Federal Rules of Civil Procedure 26 through 37 describe procedures for pretrial discovery. While one may employ all the methods of discovery against parties, discovery methods for nonparties are much more limited. For example, with the exception of the independent action under subdivision (c), the procedures detailed in Federal Rule 34 regarding production of tangible things do not apply to nonparties. Frequently, though, a litigant must discover tangible things in the possession, custody, or control of a nonparty. Although the federal rules do provide alternative methods for the discovery of nonparties' things, the whole discovery scheme for nonparties is rather clumsy.
First, in terms of the procedure for production, the rules have the effect of distinguishing mobile from immobile property. If the property is mobile, a subpoena duces tecum under Rule 45(d) is the only available discovery method. If the property is immobile, it is discoverable only by independent action pursuant to Rule 34(c). This inadvertent distinction in procedure serves no policy. Moreover, each of the individual methods has drawbacks. The subpoena duces tecum is dependent upon a deposition, which is unnecessary and wasteful. The independent action is an obscure, historical discovery device which presents problems of jurisdiction and practical utility, and contravenes policies of the federal rules.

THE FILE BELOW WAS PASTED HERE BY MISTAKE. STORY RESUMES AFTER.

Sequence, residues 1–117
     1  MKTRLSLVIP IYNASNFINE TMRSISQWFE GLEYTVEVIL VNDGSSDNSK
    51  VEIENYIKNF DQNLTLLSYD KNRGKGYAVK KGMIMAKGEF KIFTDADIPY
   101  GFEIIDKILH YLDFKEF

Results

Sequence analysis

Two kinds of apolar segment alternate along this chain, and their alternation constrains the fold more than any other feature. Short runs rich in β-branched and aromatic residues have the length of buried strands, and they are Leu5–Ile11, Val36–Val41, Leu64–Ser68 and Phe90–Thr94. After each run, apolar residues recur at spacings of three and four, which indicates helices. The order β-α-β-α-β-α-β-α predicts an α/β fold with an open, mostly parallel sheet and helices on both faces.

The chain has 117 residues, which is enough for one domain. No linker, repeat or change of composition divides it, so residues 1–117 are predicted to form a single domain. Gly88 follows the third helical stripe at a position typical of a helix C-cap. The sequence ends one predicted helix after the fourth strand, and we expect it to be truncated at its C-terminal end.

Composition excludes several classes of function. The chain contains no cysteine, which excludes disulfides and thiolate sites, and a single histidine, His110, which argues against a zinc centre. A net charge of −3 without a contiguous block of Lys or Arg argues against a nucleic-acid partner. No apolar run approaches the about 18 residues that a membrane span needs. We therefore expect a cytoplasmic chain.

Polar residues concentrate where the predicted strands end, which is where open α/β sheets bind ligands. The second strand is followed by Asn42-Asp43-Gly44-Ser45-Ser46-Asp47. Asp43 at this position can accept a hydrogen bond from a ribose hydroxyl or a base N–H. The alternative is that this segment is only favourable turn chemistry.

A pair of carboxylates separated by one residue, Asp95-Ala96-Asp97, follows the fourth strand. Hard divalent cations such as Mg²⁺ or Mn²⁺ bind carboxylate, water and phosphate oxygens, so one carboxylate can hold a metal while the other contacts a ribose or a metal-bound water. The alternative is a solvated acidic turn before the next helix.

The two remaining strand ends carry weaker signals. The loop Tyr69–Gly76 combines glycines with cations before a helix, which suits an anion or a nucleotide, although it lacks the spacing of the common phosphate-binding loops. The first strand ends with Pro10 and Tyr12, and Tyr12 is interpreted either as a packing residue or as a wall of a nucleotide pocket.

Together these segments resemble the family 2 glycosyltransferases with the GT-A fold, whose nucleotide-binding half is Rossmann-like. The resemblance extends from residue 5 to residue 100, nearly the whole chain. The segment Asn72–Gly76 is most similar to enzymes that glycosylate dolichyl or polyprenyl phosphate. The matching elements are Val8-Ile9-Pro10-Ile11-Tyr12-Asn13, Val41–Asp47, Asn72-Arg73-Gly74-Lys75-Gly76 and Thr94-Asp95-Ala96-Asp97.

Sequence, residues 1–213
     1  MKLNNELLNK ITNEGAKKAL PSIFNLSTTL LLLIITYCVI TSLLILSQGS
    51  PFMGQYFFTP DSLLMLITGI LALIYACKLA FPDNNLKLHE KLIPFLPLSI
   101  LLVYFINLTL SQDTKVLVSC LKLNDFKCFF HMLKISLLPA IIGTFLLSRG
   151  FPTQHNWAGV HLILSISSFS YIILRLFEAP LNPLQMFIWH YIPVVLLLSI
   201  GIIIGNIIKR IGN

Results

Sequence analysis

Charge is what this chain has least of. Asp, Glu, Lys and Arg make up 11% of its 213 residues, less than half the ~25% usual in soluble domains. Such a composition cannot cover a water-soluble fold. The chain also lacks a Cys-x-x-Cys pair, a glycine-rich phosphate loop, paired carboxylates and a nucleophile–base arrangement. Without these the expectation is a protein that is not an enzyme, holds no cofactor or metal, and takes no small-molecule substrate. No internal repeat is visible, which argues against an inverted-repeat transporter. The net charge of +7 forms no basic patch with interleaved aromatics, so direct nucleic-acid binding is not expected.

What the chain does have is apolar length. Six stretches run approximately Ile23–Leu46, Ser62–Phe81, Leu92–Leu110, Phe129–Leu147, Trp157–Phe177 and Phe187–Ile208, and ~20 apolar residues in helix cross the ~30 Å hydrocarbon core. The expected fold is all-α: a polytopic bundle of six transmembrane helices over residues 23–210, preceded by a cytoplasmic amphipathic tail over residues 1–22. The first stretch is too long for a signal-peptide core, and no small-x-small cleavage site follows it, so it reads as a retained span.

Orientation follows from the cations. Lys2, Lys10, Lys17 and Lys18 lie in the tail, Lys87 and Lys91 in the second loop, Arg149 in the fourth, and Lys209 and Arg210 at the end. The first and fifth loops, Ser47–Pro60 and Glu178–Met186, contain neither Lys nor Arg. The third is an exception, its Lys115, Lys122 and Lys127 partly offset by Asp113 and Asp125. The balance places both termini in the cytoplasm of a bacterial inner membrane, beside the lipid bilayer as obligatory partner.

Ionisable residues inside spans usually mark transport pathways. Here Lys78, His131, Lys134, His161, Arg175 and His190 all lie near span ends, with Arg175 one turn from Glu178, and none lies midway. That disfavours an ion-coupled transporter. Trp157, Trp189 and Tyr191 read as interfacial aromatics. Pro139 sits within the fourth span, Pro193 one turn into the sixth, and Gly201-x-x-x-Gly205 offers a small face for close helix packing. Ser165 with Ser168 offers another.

This article examines the federal approach to discovery of nonparties' tangible things; beginning with an examination of procedures for the production of mobile things. After concluding that the subpoena duces tecum is the only available method, the article discusses the central weakness of the subpoena duces tecum: its dependence on a deposition. Comparable state practice is then explored and state alternatives to the subpoena duces tecum are analyzed. This article further examines the federal rules' approach to inspection of immobile things. After a brief history of Rule 34 (c), independent actions and their weaknesses are considered. Again, comparable state practice is examined for possible alternatives to the independent action. Ultimately, this article suggests that amendment of either Rule 34 or Rule 45 would eliminate the weaknesses in the federal rules' approach to discovery of nonparties' things, and that amendment of Rule 34 is the marginally preferable solution.
Sarah N. Welling, Discovery of Nonparties' Tangible Things under the Federal Rules of Civil Procedure, 59 Notre Dame L. Rev. 110 (1983).